ANZ has stopped using resumes in its graduate recruitment process. Here’s what ANZ is doing instead

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ANZ has stopped using resumes in its graduate recruitment process. Here’s what ANZ is doing instead

ANZ has made a surprising change to the way it recruits for its Graduate Program: it no longer asks candidates for resumes on application.

Instead, graduates are invited to play a series of digital neuroscience games that collect objective behavioural data. This provides insight into possible strengths and development areas of candidates.

Cholena Orr, Talent and Culture at ANZ, says: “The idea behind it is that by having candidates play these games, we collect more job-relevant information than via a resume.”

“This helps us make more informed decisions on whether the candidates are the right fit for the graduate program, whilst also removing the bias that may be applied when reviewing CVs or resumes

The unusual move was brought in to improve the overall Graduate experience whilst also encouraging a more diverse pool of talent into the bank.  

“It meets our needs as a business to make sure we are providing a fair and equitable process,” Orr says “People often make judgements about candidates and their values based on their resume.”

“For instance, we know from consulting with various universities and candidates that they often have volunteer experience because they know it is viewed highly when they apply for a job.”

“But what our teams were taking from that was that the candidate had a great sense of value, and was community focused, which speaks to our purpose.”

Orr adds that assumptions may have also been made about people based on the university they attended or even their address, and these judgements were limiting the diversity of ANZ’s graduate pool.

“The research that we have seen suggests that by taking the resume out of the process, we are more likely to attract a diverse pool of qualified candidates coming through to ultimately interview.”

She also points out that ANZ’s new approach of playing these neuroscience games provided a better "experience for the candidates themselves”. For instance, not only are the games interactive and fun, candidates are able to choose when they would like to play and they will automatically receive an individualised report that talks to their inherent cognitive and emotional traits. We hope this will “lead them to recommend the program to other graduates”.

One of the qualities that ANZ is particularly looking for when it recruits graduates is that they have strong values.

“It comes down to five things: acting with integrity; collaborating across our business; taking full accountability for your work and the results of your work; being respectful to customers, colleagues and even our competitors; and striving for excellence,” Orr says.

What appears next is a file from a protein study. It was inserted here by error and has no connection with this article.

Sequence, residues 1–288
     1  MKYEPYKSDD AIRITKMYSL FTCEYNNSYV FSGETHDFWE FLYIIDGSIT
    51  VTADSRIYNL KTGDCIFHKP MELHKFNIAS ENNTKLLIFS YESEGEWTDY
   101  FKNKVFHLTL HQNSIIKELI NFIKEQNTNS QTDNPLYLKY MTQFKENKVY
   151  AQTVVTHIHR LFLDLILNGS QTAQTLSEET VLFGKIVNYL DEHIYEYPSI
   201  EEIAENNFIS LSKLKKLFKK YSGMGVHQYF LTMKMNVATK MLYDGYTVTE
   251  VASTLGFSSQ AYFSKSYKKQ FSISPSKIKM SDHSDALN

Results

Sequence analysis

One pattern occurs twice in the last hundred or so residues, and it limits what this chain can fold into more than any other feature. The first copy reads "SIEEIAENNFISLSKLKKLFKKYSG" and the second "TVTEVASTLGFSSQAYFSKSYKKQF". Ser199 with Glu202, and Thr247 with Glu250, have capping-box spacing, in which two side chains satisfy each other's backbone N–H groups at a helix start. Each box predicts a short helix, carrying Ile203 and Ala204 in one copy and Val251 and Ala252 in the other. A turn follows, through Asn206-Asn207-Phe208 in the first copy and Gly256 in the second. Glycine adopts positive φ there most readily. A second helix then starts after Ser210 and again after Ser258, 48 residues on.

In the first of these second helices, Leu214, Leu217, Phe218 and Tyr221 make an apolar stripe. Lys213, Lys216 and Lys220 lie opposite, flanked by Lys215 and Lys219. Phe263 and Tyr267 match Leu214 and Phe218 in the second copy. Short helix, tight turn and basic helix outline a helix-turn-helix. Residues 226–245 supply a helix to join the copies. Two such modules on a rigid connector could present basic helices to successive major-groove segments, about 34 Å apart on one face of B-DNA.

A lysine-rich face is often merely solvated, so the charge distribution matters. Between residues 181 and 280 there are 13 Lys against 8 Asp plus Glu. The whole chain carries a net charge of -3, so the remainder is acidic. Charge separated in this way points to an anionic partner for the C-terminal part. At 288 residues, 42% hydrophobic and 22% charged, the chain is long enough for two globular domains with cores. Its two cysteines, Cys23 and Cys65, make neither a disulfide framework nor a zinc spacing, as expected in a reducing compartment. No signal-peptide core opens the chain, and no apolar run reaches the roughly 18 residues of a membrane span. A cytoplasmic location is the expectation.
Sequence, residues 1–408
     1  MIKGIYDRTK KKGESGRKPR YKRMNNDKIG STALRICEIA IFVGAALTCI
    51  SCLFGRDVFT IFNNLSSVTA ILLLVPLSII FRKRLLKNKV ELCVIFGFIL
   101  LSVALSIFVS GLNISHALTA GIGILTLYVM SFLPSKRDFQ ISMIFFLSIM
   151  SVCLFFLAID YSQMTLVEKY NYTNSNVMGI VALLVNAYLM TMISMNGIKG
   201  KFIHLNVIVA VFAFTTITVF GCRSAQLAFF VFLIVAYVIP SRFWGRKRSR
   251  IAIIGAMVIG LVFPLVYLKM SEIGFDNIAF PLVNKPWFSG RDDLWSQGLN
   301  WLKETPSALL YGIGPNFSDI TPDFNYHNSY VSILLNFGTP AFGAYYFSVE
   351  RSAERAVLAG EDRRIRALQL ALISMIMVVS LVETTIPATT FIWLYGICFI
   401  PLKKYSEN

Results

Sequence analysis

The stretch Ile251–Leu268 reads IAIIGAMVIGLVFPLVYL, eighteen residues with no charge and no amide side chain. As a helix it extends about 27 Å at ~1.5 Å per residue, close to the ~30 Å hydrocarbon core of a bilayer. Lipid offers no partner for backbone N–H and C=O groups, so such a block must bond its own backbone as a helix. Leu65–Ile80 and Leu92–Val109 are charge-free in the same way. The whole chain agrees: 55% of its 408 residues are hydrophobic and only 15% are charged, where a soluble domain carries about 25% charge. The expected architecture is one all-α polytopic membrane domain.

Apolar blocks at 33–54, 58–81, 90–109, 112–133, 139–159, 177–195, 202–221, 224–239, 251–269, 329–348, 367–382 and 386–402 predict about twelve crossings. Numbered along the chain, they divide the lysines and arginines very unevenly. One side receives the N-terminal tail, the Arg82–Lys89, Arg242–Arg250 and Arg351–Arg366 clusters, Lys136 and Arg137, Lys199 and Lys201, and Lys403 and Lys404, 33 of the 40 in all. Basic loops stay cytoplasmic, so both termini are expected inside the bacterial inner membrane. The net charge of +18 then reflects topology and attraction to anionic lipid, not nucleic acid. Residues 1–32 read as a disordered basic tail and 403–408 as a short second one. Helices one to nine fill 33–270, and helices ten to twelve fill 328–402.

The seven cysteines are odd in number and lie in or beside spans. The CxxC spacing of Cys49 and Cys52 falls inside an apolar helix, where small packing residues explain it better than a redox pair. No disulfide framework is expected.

“We refer to our values as your ticket to play. If a graduate doesn’t demonstrate those values through the process that is a select out.”

This year ANZ is increasing its graduate recruitment for technology roles, and Orr says it is looking to hire four-times the number of graduates in this area in its next cohort compared to previous years.

“We are starting to look for a different capability mix in our graduates as well.”

“We are looking for data driven, insightful, tech savvy early talent, not just people who can come in and do the fundamentals, but candidates who can help change the way we think and approach our work.”

As part of ANZ’s program, graduates are given rotations across different business units at least every six months.

“They get to build networks and learn in each of those areas, while at the same time, we provide them with professional development to help them build their leadership and soft skills,” Orr says.

ANZ is a big proponent of human-centred design, and the team have used this approach to help transform the graduate experience at ANZ.

“Human-centred design has been a game changer for the Graduate Program,” she says.

“We have looked at the entire graduate journey and talked to graduates, coaches, line managers and university students about how they have experienced our program, what worked well for them and what hasn’t, and we have continued to engage with the graduate community to help us improve the overall graduate experience.”

“The feedback we receive from the graduates is that they feel more engaged in the solution and the changes that we make to our program,” she says.

 

 

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